"For a woman with a gene mutation or a family history, the surgery makes sense," said Dr. Julian Kim. "For most other women who are opting to have it, it is very controversial." Kim, the chief of oncologic surgery at the UH Seidman Cancer Center and member of the Case Comprehensive Cancer Center in Cleveland, told ABC News that there is no evidence to support the idea that removing both breasts after a diagnosis of breast cancer increases survival rate.
The Cutting Edge: Three Cleveland Medical Innovations Bound for Great Things
Freshwater - Oct 3, 2013
In Cleveland, researchers at the Cleveland Clinic are working with medical manufacturers on treatments and technologies that can blast a brain tumor with a laser, detect a concussion using an iPad, and test for prostate cancer by way of genetics...When a man is diagnosed with prostate cancer, the first question he likely will ask is, "How soon can I be treated?" That query can be misleading as treatment is not always the answer, particularly for low-risk cases, explains Dr. Eric Klein, chairman of the Clinic's Glickman Urological and Kidney Institute...Recent years have seen Cleveland Clinic neurosurgeons pursue cutting-edge brain tumor surgery technology. An innovation called NeuroBlate takes "cutting" out of the equation, instead using a concentrated laser that destroys cancerous cells while sparing healthy tissue. "It literally cooks the tumor from inside out," says Dr. Gene Barnett, director of the hospital system's brain tumor and neuro-oncology center...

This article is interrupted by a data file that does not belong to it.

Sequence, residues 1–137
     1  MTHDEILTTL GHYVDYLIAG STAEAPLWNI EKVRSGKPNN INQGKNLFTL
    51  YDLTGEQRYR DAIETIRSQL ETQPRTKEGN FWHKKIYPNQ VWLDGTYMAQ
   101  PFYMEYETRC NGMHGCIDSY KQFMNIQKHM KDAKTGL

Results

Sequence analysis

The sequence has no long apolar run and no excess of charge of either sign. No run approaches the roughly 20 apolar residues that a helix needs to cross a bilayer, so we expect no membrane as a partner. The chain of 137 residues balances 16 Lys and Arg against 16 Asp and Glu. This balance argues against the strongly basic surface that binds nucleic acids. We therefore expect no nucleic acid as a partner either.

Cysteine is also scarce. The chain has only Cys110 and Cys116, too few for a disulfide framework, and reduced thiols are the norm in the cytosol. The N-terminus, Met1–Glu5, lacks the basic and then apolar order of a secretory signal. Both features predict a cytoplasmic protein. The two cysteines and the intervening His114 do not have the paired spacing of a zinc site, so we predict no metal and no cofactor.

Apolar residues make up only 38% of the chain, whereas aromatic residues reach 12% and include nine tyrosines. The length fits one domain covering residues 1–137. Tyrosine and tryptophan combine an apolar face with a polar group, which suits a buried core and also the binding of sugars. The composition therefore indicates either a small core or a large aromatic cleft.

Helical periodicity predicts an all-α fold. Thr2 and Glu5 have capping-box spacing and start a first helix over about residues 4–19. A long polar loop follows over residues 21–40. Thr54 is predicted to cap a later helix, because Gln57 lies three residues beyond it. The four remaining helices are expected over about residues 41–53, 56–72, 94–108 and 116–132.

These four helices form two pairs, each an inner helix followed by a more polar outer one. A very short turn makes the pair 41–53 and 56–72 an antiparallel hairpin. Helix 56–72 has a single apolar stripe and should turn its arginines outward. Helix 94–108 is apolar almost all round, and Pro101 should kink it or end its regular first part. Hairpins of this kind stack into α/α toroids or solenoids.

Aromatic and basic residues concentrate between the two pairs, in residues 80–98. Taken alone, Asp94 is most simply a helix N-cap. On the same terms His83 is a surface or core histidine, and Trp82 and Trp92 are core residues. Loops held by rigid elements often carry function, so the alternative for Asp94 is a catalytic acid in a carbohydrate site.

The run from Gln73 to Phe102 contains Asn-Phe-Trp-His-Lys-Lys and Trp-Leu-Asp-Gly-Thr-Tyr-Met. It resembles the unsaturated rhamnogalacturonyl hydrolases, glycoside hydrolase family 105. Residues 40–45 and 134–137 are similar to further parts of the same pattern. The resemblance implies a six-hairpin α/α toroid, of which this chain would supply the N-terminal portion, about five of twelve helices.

Big Breast Cancer Breakthroughs Of 2013
Huffington Post - Oct 1, 2013
For women with small ER-positive tumors – about two-thirds of breast cancer patients, says Holly Pederson, MD, a medical breast specialist at the Cleveland Clinic and member of the Case Comprehensive Cancer Center – studies have shown that undergoing one high dose of radiation during a lumpectomy is as effective as six weeks of postsurgical radiation. Plus, there's less risk of harming healthy lung and heart tissue.
Drug Used in Blood Disorders May Kill Brain Tumors: Discoveries
The Plain Dealer - Oct 1, 2013
A drug used to treat blood disorders was successful at destroying human brain tumors implanted in mice in experiments performed at Johns Hopkins University...Case Comprehensive Cancer Center member Dr. Andrew Sloan, a University Hospitals neurosurgeon and associate professor of neurosurgery at Case Western Reserve University, agreed the research is "really interesting and exciting and very good work." Yet Sloan, who was not involved with the work, cautioned that it's still very early to make many conclusions about its future applications in human patients.
New Imaging Test for Multiple Sclerosis Developed at Case Could Help Speed Up New Treatments: Discoveries
The Plain Dealer - Sept 24, 2013
"This is a highly desired technique in the medical community," said Yanming Wang, senior author of the paper describing their findings published Monday in the journal Annals of Neurology, and associate professor of radiology and member of the Case Comprehensive Cancer Center. "[Drug companies] have myelin-repairing drugs in development but no way to measure their effectiveness in a quantitative way. This imaging technique could allow them to do that."
Signal Gradients in 3-D Guide Stem Cell Behavior